Thanks Whisper.Originally posted by whisper
No, not this jury.
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Thanks Whisper.Originally posted by whisper
No, not this jury.
I know how you feel. My dad told me that if Michael's covicted it would be for Marking his music videos etc and if he's aqiutted he would become "yestarday's news" :thumbsdowOriginally posted by danaluvsmj
When I just came home from the video store, my dad was listening to MJ and it made me want to cry. I just feel too upset to hear Michael's music right now. I'd rather not think about the verdict. I just wish this BS would die and be gone forever. It's hard for me to see the man I've loved since the age of 7 face possible conviction and going to jail. My parents told me to be aware that he could be convicted, since Santa Maria is such a conservative town. There's no telling what the jury will do. I just don't want to think about it right now. :uh_uh:
Originally posted by Cristine87
JURY DELIBERATIONS BEGIN TODAY
http://mjjsource.com/main/index.php?opt ... &Itemid=32
Friday, June 3, 2005
On Day 66 the attorney for Mr. Michael Jackson, Mr. Thomas Mesereau, Jr., told jurors, "Ladies and gentleman, this has been a nightmare for Michael Jackson, under the law and the facts, you must return a verdict of not guilty on all counts – it's the only right verdict."
The case against Michael Jackson went to the jury Friday after the defense asked the panel to acquit Mr. Jackson, after providing testimony after testimony showing continual acts of perjury by the only two witnesses to the alleged crime, the accuser and his brother proving that Mr. Jackson is a victim of grifters trying to pull "the biggest con of their careers."
A little before 12:30 p.m. Friday, the panel of eight women and four men filed into the deliberation room, where they will sift through nearly 700 pieces of evidence, and rely on their recollections and notes from the testimony of 140 witnesses as they determine whether Mr. Jackson is guilty.
Jurors spent about two hours deliberating before going home for the weekend. They are not sequestered and will resume deliberations Monday.
Mr. Mesereau, using the testimony of renowned child molestation expert, Dr. Eslin, explained to jurors that most false claims of child molestation come from children who are 10 years old and up and where the main attraction is money. Under oath, Dr. Eslin explained that these false accusations are particularly common in children that have parents with a history of deceptive behavior.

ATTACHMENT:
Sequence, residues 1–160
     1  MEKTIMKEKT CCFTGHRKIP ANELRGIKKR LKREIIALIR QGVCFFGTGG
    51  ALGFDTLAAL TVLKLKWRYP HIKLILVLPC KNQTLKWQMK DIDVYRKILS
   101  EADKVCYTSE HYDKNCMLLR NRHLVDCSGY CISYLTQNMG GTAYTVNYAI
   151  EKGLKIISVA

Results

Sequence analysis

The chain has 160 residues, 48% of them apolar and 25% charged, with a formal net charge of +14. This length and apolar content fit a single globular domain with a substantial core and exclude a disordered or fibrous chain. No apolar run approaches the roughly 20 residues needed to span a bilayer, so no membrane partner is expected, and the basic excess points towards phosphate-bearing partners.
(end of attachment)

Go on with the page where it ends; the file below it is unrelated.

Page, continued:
When asked by investigators how he learned ‘right from wrong’, the accuser stated, “I just kind of figured it out for myself.”
Using court transcripts, Mr. Mesereau showed the jury the overwhelming history of deception by both of the accuser’s parents, citing many incidents including their admitted lying under oath in their JC Penney case (for which they received $152,000) and the mother’s many incidents of welfare fraud (including fiiling for emergency welfare just days after receiving the settlement from JC Penney) as well as the continual acts of perjury of the accuser and his brother. On one occasion, Mr. Mesereau pointed out, when the accuser’s brother testified to one of many things that was in direct conflict with his grand jury testimony, he accused the court reporter of getting it wrong in the transcript.
Prosecutors painted a vastly different picture during their closing argument while using photos from adult magazines and art books (that the very sweet and innocent inscriptions prove were gifts to him from fans and from him to others), to ‘dirty’ up Mr. Jackson in the jurors minds, even though they are not, in any way, illegal, as well as trying to paint Brett Barnes as a victim from the early 90’s when he has emphatically testified, under oath, that he was not.
In nearly four hours over two days, the defense attorney blasted away at the prosecution's timeline, pointed out small inconsistencies in page after page of transcribed statements from the accuser and his family, showed evidence of the family’s compulsive addiction to celebrities and revisited a history of legal actions and fraudulent welfare claims made by the accuser's mother – all in the hopes of convincing jurors that the case against Mr. Jackson was built on greed and fraud.
"It only takes one lie under oath to throw this case out of court – you can't count all the lies in court told by this family," Mr. Mesereau said. "How many does it take to show you this case is a fraud?"
Mr. Mesereau stated to jurors that the main piece of evidence lacking in this case is something called a ‘pre-text phone call.’ He went on to explain that this is a call that is almost always made when police are alerted to such an alleged crime. Interpreting this commonly used tactic to jurors, he said that this is a call made from the alleged victim to the accused where the victim asks certain questions specifically designed to illicit incriminating statements from the accused. This call is recorded and then becomes the main piece of evidence in the case. Mr. Mesereau stated that, when asked by police, this accuser refused to make such a call to Mr. Jackson. Consequently, there are no incriminating statements made by Mr. Jackson in this entire case.